Hello and welcome to the unofficial Brian De Palma website.
Here is the latest news:
a la Mod:
Mr. De Palma had already finished the film when he showed a cut to Mr. Morricone, asking him specifically to come up with something for the “triumph of the police” at the end. The two got on well, but the director originally wasn’t keen on the music Mr. Morricone created for one of the film’s best-known scenes, a two-minute sequence in which a baby carriage, complete with a sweet-faced child, rolls down the steps of Union Station in Chicago in the middle of a heated gun battle.
“He didn’t want that music,” Mr. Morricone recalled. “Later he gave an interview and said that he thought that the music for that scene was perfect, so he must have rethought the whole idea.”
"Early in Brian De Palma’s Mission: Impossible reboot from 1996, a flight attendant offers a selection of videotapes to Jon Voight’s mysterious spy team leader, who, sitting in first class, drolly replies that he prefers the theater.
“'Would you consider the cinema of the Ukraine?' the attendant asks. The agent accepts the 'Ukrainian' tape, whose secret message concludes with the news that the tape will self-destruct in five seconds.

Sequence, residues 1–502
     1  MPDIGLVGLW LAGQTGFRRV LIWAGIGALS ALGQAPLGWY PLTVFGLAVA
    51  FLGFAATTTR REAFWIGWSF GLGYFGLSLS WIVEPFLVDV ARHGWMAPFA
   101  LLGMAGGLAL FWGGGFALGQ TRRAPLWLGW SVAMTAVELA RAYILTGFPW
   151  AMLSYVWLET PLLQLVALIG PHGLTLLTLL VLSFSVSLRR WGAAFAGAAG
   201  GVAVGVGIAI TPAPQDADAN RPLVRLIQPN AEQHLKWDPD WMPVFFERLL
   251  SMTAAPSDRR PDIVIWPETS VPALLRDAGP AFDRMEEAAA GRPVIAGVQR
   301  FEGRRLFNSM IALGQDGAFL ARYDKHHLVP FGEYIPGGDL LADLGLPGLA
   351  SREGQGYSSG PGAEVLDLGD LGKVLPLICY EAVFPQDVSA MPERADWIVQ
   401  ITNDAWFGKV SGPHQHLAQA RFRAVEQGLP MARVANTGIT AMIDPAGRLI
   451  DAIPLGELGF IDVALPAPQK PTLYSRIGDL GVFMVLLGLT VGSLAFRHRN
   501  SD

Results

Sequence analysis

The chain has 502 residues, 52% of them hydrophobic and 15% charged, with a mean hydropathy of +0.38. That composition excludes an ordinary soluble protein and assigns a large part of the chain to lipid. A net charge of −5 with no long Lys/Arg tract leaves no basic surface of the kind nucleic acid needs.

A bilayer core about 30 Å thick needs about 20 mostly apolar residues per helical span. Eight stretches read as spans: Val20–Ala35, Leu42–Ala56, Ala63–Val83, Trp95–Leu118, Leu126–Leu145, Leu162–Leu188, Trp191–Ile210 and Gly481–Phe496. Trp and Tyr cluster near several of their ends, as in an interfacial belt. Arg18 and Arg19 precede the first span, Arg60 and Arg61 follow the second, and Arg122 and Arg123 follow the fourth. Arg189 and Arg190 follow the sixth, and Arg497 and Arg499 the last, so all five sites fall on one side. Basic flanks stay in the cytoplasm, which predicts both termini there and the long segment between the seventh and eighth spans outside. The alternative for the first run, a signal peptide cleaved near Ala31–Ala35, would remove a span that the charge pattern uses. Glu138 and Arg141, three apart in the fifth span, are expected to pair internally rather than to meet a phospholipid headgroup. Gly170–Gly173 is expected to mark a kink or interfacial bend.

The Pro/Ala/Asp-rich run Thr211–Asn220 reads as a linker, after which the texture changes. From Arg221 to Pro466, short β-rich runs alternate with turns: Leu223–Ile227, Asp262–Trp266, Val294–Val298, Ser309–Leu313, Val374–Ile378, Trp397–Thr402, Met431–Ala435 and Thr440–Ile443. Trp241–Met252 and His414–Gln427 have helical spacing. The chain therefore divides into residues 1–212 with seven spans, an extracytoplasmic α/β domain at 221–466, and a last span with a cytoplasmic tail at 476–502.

"It probably wasn’t De Palma’s intent to say that Ukrainian cinema is dangerous, although the nation’s current crisis should remind us of the perils of knowing about the art and culture of a country on the brink of war mainly through a brief reference in an 18-year-old Hollywood blockbuster.
"Fortunately, a handful of Ukrainian films — two of them certified classics of world cinema — are widely available for streaming on demand."
(Nelson then goes on to describe four notable Ukranian films available for streaming: Aleksandr Dovzhenko's Earth, Sergei Parajanov’s Shadows of Forgotten Ancestors, Pavla Fleischer's The Pied Piper of Hutzovina, and Sergei Loznitsa's My Joy.)
Sasha Grey: I think Blow Out was more of an inspiration. But with the cam girl thing, it’s interesting because there were a few girls who did this in the ‘90s when no one was doing it, made millions, and retired. But now, with the advent of Internet porn, people can see professional-quality material online, and now we’re regressing and going back to not caring about the quality. But the fascination goes back to having a connection with the person you’re watching and having this “intimate” experience. It’s a need to satisfy the soul. The Internet has brought us together globally, but also separated us. And people now don’t have that intimacy in their real lives, so they go online.
Incidentally, in the video at Bloody Disgusting, McDonagh mentions William Castle's Homicidal, contrasting that film's lack of critical attention to the type of attention De Palma's Sisters received upon its release. De Palma listed Homicidal as one of his "Guilty Pleasures" in an article for Film Comment back in the 1980s.